Well, back at the Piggly Wiggly, it was dusk and I had stopped for some grub. As I got out of The Moose, my campervan, a man began to chat me up about my ride. One part of Southern Charm that I particularly enjoy is getting caught in a random, pleasant, yet surprisingly detailed discussion about things like campervans or gas shortages and such. Luckily, he didn’t want a peek inside. I’m concentrating on boatwork and The Moose is typically disheveled. But he thought it was a fabulous vehicle and got real excited when I told him that I would be looking to sell it in a couple months or so. 

He and his wife often travel to West Virginia to see the family. A campervan in which his wife could stretch out occasionally or use the bathroom would be perfect! I took his number and promised to call when I was going to put The Moose on the market. He wished me well and drove off. I went inside for some victuals.  

Now, I have a boat to get back in the water. In fact, it’s been fourteen years and four boats, and I’ve never been closer to accomplishing my goal. It won’t be long and I’ll be wandering off on a sailboat. It’s been my plan, nay obsession, for a good part of my life. Ruth Ann, my Bayfield 29, is in a remote boatyard outside Wilmington. Last year, I was here for six months, living next to the boat in The Moose. During the early panic of COVID, I rarely left and got a lot of work done. I took off for the second half of 2020 to drive a truck again; making some money and hiding out from the COVID closures and disruptions. While I was gone some of the rules changed. A couple of the other vagabonds who were living in the yard on their boats had pushed the limits of the owner. Therefore, I can’t live here full time now that I’m back. I’ve been cheating some on the weekends but most evenings I leave to boondock elsewhere. 

My primary boondock spot is the local Walmart parking lot. I park out in the far corner with the truckers. There are a couple regulars but I’ve been a little on edge about being there consistently Sunday through Thursday. I’m not really sure anyone is paying attention, but I’ve been waiting for someone to say something. I’ve been waiting to get busted.

So, last week I had grabbed some supper and pulled into the Walmart. Over in the corner with the trucks, I climbed inside, put the privacy curtain up in front of the windshield and pulled the curtain on the side door. A friend called and we were talking when someone rapped sharply on the driver's side window.  

This ... is what I’ve been fearing.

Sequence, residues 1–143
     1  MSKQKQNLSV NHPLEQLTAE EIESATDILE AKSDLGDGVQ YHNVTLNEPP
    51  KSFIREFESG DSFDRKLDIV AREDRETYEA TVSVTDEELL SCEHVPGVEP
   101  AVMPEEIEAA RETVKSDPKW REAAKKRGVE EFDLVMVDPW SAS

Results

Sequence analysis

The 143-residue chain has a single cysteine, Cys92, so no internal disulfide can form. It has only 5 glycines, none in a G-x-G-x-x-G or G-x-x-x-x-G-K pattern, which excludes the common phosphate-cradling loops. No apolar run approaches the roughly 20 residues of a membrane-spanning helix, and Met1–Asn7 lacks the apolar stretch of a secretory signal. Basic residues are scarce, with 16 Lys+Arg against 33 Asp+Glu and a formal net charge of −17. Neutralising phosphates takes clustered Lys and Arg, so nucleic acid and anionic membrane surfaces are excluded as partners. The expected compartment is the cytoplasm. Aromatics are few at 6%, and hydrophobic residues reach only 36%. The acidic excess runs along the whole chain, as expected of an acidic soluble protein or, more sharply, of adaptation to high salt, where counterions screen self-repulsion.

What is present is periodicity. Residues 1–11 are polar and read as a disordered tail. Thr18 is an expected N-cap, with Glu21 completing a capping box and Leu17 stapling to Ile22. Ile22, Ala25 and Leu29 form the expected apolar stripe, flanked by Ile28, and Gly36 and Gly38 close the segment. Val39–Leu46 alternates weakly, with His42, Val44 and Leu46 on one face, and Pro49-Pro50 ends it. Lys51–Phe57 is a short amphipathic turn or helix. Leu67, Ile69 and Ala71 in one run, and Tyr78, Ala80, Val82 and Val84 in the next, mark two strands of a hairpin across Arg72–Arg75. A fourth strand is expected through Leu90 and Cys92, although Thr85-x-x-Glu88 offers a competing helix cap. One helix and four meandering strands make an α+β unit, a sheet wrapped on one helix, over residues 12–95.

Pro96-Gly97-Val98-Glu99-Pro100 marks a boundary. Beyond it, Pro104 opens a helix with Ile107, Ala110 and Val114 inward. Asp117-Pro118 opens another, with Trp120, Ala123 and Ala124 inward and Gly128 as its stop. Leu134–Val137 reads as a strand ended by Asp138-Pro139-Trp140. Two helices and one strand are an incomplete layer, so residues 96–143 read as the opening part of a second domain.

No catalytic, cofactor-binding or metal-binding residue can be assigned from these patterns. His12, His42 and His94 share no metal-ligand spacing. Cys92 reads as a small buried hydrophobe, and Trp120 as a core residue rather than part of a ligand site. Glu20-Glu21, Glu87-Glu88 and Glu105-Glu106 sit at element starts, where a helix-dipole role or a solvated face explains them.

“Just a minute,” I said slowly, “someone is knocking on my van.”  

“Hello!” I shouted to my visitor.  

“... can I help you?” 

No answer.  

“I don’t know what’s going on,” I told my friend. “Hang On.”

I stood up and peered out the windows up in the Moose’s cap. I shouted again, asking if I could help, suspecting that it might have actually been the truckdriver next door. Did he think I parked too close? I pulled back the corner of the privacy curtain just in time to see someone walk briskly past the driver's side heading toward the back. 


No answer. 

The person I saw in that moment appeared to have been wearing a chambray shirt over a t shirt and maybe some jeans. I was no longer concerned that it was someone official. It wasn’t Walmart. It wasn’t the cops. 

Well, huh. 

“Well, I’m back,” I told the friend. She wondered what was going on. Newly confident. Or no longer caring, I told her that I was eating a salad and talking to a friend and if it was important they’d be back. 

Still as I lay down to sleep I couldn’t stop wondering what the heck had happened. Why would some random person knock on the van but not answer? The windows were open and I’m sure they could hear me when I called out to them.  

In the mornings, I sometimes get a cup of coffee from the nearby Dunkin Donuts. No donuts, but I do occasionally get a bagel (not much better). The morning after the strange knocking incident, I folded my linens, folded up the couch, and opened up the curtains. I walked around and hopped in to drive off. I had driven a hundred yards or so when I noticed the note under my windshield wiper. Well, hell. I stopped to grab the note.  

“I forgot to ask you. Is this a 6 cylinder or 8?

Mike 617-5674.” 

Written on a folded envelope.


It was the guy from Piggly Wiggly; apparently still enthusiastically considering the possibility of buying The Moose. He must have been giddy to have run into me again on the other side of town. I can only imagine that he heard me say “just a minute, someone is knocking” and decided not to bother me any further. It would have helped to know as I tried to sleep afterward.

To make the story one notch better, inside the folded envelope was a shopping list. From the mundane fruits and veggies to mayo and a couple bottles of water, the list also included a bottle of GasX but with the word “price” circled next to it. Apparently, someone is having intestinal discomfort but not enough to splurge on GasX if it’s too expensive. Also listed was the very specific “70% cacao chocolate bar” and a reminder to pay the water bill.  

Then I turned the envelope over. The Internal Revenue Service was corresponding with someone else, not Mike. So, did he find an envelope and make a list? Or did he find someone’s discarded list to write me a note. More mysteries, but what the heck? That just keeps life interesting. 

I keep remembering to call Mike when it’s a little early or already a little late. I’ll call him this evening. First, I need to check The Moose. I’m not sure, but I think it’s an 8 cylinder engine. I can tell you all kinds of minute details about my boat, but I don’t have the brainspace for the van’s specifications. In the meantime, I’m happy to be downsouth and plenty happy with the progress I’m making on the project list. Ruth Ann will be back in the water this summer!